“The Costa Rican government is interested in acquiring [several] ships built in our shipyard [in Cartagena], in order to confront our [common] enemy in the Caribbean waters of Costa Rica,” Deputy Minister Fernández stated.

During their visit, the Costa Ricans reached an agreement with the National Police of Colombia for a team of 25 Colombian police officers to travel to Costa Rica in mid-March to assist the authorities in implementing a pilot project in 10 municipalities for their new civil security policy, so that it can be applied to the rest of the country later.

Costa Rica’s new civil security policy will include aspects “relating to alliances between mayors’ offices and the police corps in their fight against common crime and organized crime, as well as the use of technological tools and platforms applied to civil security. We want to share our experience in this area so that it can be used by other security institutions,” Deputy Minister Fernández stated.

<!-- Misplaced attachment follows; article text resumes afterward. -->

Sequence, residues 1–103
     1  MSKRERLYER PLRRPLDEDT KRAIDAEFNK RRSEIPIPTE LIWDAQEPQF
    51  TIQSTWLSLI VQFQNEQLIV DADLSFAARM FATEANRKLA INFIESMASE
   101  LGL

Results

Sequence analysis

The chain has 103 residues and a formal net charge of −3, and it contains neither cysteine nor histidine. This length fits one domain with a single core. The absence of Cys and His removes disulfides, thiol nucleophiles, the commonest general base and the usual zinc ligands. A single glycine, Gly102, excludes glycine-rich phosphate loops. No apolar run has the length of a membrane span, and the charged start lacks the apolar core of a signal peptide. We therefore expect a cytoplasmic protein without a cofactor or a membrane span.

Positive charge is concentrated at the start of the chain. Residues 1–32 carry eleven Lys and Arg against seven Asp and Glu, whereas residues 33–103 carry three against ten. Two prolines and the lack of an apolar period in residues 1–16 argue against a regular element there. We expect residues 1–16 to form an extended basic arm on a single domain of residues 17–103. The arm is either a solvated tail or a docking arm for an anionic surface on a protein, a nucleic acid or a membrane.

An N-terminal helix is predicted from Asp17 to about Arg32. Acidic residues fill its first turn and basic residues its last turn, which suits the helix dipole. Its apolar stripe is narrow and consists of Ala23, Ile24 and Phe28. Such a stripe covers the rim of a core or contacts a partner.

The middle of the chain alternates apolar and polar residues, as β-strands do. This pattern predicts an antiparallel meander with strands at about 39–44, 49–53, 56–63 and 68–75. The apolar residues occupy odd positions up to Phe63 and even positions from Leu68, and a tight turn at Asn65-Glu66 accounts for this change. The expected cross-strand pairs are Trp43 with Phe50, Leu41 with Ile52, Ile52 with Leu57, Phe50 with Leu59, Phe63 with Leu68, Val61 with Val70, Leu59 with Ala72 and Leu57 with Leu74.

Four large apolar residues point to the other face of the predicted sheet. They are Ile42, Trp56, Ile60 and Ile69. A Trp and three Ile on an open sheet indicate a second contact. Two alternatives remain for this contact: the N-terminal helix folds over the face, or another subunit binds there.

International cooperation is key in the fight against drug trafficking. “We have always enjoyed a very close relationship with Costa Rica, one in which we have developed multiple instruments of cooperation. This means a lot to us. I think that’s a sentiment that both governments share; that this [is being] consolidated and will endure over time, irrespective of whatever future governments we have,” Deputy Minister Fernández concluded.